The nuclear deal with Iran has brought to the surface -- perhaps even caused -- divisions within the Democratic Party and the Jewish American community. While most polls show that American Jews strongly support the nuclear deal, organized Jewish groups are more divided with AIPAC and J Street on the opposite sides of the divide. With some leading Democratic lawmakers also coming out against President Barack Obama's signature foreign policy achievement, internal rifts within the Democratic Party are clearly visible.
There is one community, however, for which the Iran deal has become a catalyst for unity -- the Iranian American community.
The Iranian American community often describes itself as hopelessly divided. And few things have divided it as much as US policy towards Iran. For years, a small but vocal minority ran an intense defamation campaign against anyone daring to favor negotiations between the United States and Iran. Favoring talks with the government in Iran was falsely equated with support for the Iranian government and its many violations.
Though the silent majority of Iranian Americans favored negotiations, the mere thought of being accused of sympathizing with the government of Iran was enough to deter them from voicing their views publicly. This was particularly true during the government of Ahmadinejad and after the election fraud in 2009.
The wrath of the hawkish minority was not limited to engagement with Iran. Voting in the Iranian elections was also cast as a treacherous act and one that would ultimately serve to prolong the reign of the Iranian clergy. It wasn't long ago that members of this hawkish minority in the community would gather at polling stations across the United States for the Iranian elections and hurl insults at those timidly showing up to cast their votes.
Those in the majority who dared to speak out in favor of diplomacy and against what they correctly viewed would become a march towards war in the absence of diplomacy, had to endure both insults and defamation. (I speak from experience.)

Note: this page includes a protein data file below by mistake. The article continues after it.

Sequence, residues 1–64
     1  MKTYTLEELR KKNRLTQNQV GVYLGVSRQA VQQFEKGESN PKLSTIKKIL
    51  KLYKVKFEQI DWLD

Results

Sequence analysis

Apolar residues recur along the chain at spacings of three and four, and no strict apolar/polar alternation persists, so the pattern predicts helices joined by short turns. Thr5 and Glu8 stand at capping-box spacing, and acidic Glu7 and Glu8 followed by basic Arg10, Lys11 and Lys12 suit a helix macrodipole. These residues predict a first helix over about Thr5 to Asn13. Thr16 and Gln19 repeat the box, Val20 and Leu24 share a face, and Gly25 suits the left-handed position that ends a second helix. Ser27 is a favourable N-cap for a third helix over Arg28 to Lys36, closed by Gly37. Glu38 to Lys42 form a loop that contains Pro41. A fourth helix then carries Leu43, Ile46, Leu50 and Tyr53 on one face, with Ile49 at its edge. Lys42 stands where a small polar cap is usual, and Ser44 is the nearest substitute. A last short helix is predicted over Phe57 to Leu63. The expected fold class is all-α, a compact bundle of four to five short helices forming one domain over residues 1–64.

Though the majority was never silenced, they were often times out-voiced and the divisions within the community persisted.
Over the past three years, however, we have seen a sea change in the attitudes of the community. It started first with community members getting terrifying reports from relatives in Iran about the suffering they had to endure as a result of US sanctions. Frustrated by the repression of the Iranian government after the 2009 elections, many had shifted towards favoring sanctions in order to pressure the government. But as reports started to drop in around 2012 that those being pressured in Iran were actually ordinary people -- their relatives -- and not the government, support for sanctions started to drop dramatically.
The surprise election of Hassan Rouhani in 2013 also had a big impact on the attitudes of the community. The fact that the Iranian population decided to go out and cast their votes despite of the 2009 debacle, and the fact that Iranian hardliners did not have the ability to push back, reignited hope that a peaceful path of reform through the ballot box was still viable for Iran.
By the time the political framework agreement was reached in April of this year, the shift in the community was unmistakable. Diplomacy had worked. It was not a naive option that signaled weakness, it was an effective option that prevented war and that clearly had the support of the Iranian people. Because ordinary Iranians rushed to the streets to celebrate the agreement, putting to end any notion that negotiations with the government in Tehran was a betrayal of the Iranian people's desire for democracy.
What happened in the Iranian American community after that can only be understood by comparing it to what happened in the United States on the issue of gay marriage. A tipping point was reached in which a majority came to realize which side of the issue was on the right side of history. And just like most Americans suddenly thought that they had always been in favor of gay marriage, a surprising number of vocal Iranian Americans felt that they had always publicly supported negotiations.
As John F Kennedy aptly put it, "Victory has a thousand fathers, but defeat is an orphan."
The end result, however, is one that should be celebrated. The community is more united than I have ever seen it. Leading members of the Iranian American community who rarely speak publicly on political matters, are now actively seeking ways to be heard. They want to be counted. They want to lend their support to what is an historic agreement that will pave the path to peace and avoid what clearly would be a devastating war.
The initiative of the brilliant Partovi brothers, two tech geniuses who among many things started Code.org and were original investors in Dropbox, is a case in point. They have gathered signatures from two dozen leading Iranian Americans -- from actors like Shoreh Aghdasloo to Expedia CEO Dara Khosrowshahi -- in an open letter to the people of America printed today in the New York Times. Many of the signatories have never spoken publicly on this issue in the past. Some of them may even have opposed diplomacy in the past.
But today they are united and are putting their names and signatures on this deal - and they speak for thousands and thousands of Iranian Americans when they do so.
The message to the American public is clear. Our community has been divided for decades. We continue to be divided on many issues. But on this issue, we all agree. It's a matter of war and peace, and peace is the obvious choice.
It's a no brainer. The nuclear deal is on the right side of history.